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It is hoped that the glossary will prove helpful to students as a guide, although it is not exhaustive. The glossary has been deliberately kept brief not only with respect to the number of terms included but also to the descriptions of their meanings. Students should appreciate that the meaning of a term must depend in part on its context. They should also note that the number of marks allocated for any part of a question is a guide to the depth of treatment required for the answer.


  1. Define (the term(s) …) is intended literally. Only a formal statement or equivalent paraphrase, such as the defining equation with symbols identified, being required.

  2. What is meant by … normally implies that a definition should be given, together with some relevant comment on the significance or context of the term(s) concerned, especially where two or more terms are included in the question. The amount of supplementary comment intended should be interpreted in the light of the indicated mark value.

  3. Explain may imply reasoning or some reference to theory, depending on the context.

  4. State implies a concise answer with little or no supporting argument, e.g. a numerical answer that can be obtained ‘by inspection’.

  5. List requires a number of points with no elaboration. Where a given number of points is specified, this should not be exceeded.

  6. Describe requires candidates to state in words (using diagrams where appropriate) the main points of the topic. It is often used with reference either to particular phenomena or to particular experiments. In the former instance, the term usually implies that the answer should include reference to (visual) observations associated with the phenomena. The amount of description intended should be interpreted in the light of the indicated mark value.

  7. Discuss requires candidates to give a critical account of the points involved in the topic.

  8. Deduce/Predict implies that candidates are not expected to produce the required answer by recall but by making a logical connection between other pieces of information. Such information may be wholly given in the question or may depend on answers extracted in an earlier part of the question.

  9. Suggest is used in two main contexts. It may either imply that there is no unique answer or that candidates are expected to apply their general knowledge to a ‘novel’ situation, one that formally may not be ‘in the syllabus’.

  10. Calculate is used when a numerical answer is required. In general, working should be shown.

  11. Measure implies that the quantity concerned can be directly obtained from a suitable measuring instrument, e.g. length, using a rule, or angle, using a protractor.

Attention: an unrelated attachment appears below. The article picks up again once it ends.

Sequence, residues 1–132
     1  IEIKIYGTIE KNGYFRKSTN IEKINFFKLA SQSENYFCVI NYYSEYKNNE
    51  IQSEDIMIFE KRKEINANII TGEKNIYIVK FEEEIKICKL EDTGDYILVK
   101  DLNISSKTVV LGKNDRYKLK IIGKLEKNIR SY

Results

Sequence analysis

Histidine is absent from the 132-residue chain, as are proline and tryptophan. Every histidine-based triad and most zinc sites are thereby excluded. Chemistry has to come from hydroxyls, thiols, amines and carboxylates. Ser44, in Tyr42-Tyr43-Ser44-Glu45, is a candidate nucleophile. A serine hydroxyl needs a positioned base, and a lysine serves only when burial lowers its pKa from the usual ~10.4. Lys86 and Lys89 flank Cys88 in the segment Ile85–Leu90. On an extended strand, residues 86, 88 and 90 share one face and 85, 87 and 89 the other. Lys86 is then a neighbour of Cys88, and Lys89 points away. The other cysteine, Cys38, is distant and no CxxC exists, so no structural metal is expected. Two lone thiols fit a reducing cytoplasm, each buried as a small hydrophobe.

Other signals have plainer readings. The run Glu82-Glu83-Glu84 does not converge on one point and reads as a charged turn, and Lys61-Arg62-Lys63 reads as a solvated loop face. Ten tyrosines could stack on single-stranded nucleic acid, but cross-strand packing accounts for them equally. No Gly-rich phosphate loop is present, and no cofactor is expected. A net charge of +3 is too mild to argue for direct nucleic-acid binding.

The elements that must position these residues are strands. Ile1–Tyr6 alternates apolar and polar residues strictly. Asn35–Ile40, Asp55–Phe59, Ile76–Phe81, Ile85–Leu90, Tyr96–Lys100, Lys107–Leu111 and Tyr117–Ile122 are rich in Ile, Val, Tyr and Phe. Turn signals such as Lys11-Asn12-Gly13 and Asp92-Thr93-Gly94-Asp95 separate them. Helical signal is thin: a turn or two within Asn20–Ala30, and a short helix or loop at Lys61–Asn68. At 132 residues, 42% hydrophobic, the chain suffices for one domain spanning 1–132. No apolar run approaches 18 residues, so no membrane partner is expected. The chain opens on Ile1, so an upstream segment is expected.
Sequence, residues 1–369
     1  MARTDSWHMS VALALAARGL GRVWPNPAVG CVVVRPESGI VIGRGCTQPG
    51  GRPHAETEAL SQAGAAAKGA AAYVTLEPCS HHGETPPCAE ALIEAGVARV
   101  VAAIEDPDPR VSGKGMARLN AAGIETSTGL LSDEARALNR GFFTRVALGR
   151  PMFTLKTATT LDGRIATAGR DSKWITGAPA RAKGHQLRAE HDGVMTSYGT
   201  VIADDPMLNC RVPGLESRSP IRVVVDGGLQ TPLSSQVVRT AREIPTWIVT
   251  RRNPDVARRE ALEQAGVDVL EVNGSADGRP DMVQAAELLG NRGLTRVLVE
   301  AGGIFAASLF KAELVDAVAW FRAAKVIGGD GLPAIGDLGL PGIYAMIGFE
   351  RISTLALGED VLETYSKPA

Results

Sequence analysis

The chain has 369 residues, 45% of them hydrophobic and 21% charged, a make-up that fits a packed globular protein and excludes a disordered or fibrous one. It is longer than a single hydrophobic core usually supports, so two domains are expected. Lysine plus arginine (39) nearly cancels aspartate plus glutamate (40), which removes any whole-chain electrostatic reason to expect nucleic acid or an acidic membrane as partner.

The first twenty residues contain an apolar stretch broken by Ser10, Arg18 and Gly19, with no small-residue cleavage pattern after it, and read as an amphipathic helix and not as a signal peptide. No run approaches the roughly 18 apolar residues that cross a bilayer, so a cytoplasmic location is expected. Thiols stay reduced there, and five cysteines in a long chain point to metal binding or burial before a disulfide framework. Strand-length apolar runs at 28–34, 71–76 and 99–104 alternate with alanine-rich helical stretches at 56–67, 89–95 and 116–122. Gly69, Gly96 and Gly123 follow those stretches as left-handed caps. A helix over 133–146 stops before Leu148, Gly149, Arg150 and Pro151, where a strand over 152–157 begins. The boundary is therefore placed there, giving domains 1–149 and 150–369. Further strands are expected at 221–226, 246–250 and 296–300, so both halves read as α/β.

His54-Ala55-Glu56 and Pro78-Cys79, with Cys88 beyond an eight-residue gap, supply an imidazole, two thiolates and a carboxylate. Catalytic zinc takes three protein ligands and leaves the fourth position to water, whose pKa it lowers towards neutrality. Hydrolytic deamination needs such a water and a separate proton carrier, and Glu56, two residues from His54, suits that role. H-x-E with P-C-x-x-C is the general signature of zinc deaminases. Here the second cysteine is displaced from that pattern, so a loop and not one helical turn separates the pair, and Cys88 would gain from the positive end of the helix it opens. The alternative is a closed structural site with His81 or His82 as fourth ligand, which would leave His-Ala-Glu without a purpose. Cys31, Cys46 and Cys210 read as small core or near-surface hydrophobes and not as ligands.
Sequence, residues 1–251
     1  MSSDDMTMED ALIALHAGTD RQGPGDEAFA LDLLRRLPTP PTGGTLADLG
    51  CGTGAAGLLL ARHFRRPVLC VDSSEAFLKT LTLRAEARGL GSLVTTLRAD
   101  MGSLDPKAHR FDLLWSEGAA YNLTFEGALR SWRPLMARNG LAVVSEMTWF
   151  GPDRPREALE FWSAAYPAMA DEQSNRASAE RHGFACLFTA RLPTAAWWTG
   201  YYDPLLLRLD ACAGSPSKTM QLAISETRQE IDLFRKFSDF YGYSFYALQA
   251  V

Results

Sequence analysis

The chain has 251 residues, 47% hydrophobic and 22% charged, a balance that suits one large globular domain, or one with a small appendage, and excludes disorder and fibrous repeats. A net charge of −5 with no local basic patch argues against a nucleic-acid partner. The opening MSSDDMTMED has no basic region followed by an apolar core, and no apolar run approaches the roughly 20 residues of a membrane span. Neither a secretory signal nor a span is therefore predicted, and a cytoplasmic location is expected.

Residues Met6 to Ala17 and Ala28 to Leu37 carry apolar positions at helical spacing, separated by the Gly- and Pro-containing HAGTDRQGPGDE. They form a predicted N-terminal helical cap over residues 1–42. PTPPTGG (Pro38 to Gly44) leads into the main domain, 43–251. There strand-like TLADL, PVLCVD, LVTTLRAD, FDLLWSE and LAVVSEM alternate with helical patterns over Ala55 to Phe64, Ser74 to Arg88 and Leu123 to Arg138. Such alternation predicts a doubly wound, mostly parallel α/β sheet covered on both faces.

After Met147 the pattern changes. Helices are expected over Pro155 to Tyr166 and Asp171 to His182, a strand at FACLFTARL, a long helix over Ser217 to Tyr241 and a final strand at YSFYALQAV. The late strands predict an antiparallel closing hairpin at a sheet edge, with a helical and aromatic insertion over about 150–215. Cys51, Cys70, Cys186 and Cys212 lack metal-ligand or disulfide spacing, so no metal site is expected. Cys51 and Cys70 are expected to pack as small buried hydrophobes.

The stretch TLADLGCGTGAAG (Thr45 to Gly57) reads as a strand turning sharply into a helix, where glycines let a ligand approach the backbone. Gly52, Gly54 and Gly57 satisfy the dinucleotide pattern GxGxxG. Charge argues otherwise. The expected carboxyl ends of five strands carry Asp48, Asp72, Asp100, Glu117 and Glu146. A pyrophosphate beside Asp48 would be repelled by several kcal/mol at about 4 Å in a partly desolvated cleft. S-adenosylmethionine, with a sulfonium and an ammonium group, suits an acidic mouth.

12. Determine often implies that the quantity concerned cannot be measured directly but is obtained by calculation, substituting measured or known values of other quantities into a standard formula, e.g. the Young modulus, relative molecular mass.

  13. Show is used when an algebraic deduction has to be made to prove a given equation. It is important that the terms being used by candidates are stated explicitly.

  14. Estimate implies a reasoned order of magnitude statement or calculation of the quantity concerned. Candidates should make such simplifying assumptions as may be necessary about points of principle and about the values of quantities not otherwise included in the question.

  15. Sketch, when applied to graph work, implies that the shape and/or position of the curve need only be qualitatively correct. However, candidates should be aware that, depending on the context, some quantitative aspects may be looked for, e.g. passing through the origin, having an intercept, asymptote or discontinuity at a particular value. On a sketch graph it is essential that candidates clearly indicate what is being plotted on each axis.

  16. Sketch, when applied to diagrams, implies that a simple, freehand drawing is acceptable: nevertheless, care should be taken over proportions and the clear exposition of important details.

  17. Compare requires candidates to provide both similarities and differences between things or concepts.






  • recognise and use expressions in decimal and scientific notation

  • use electronic calculator for mathematical operations

  • take account of accuracy in numerical work and handle calculations so that significant figures are neither lost unnecessarily nor carried beyond what is justified, rounding answers correctly when necessary

  • make approximates and estimates to obtain reasonable answers



  • change the subject of an equation

  • solve algebraic equations, including simultaneous equations

  • use direct and inverse proportion

  • substitute physical quantities using consistent units

  • formulate simple algebraic equations as mathematical models of physical situations and to represent information given in words


Geometry and trigonometry

  • understand geometrical terms

  • calculate areas of geometrical shapes

  • calculate volumes of geometrical objects

  • use sines, cosines and tangents

  • use angle sum of triangle and adjacent angles on a straight line

  • compute sides and angles of triangle using trigonometry rules

  • use mathematical instruments



  • translate information between graphical, numerical, algebraic and verbal forms

  • select appropriate variables and scales for graph plotting

  • for linear graphs, determine the slope and state the intercept and intersection

  • choose by inspection a best fit straight line through a set of data points presented graphically

  • recall standard form y = mx + c and rearrange relationships into linear form where appropriate

  • understand, draw and use the slope of a tangent to a curve as a means to obtain the gradient



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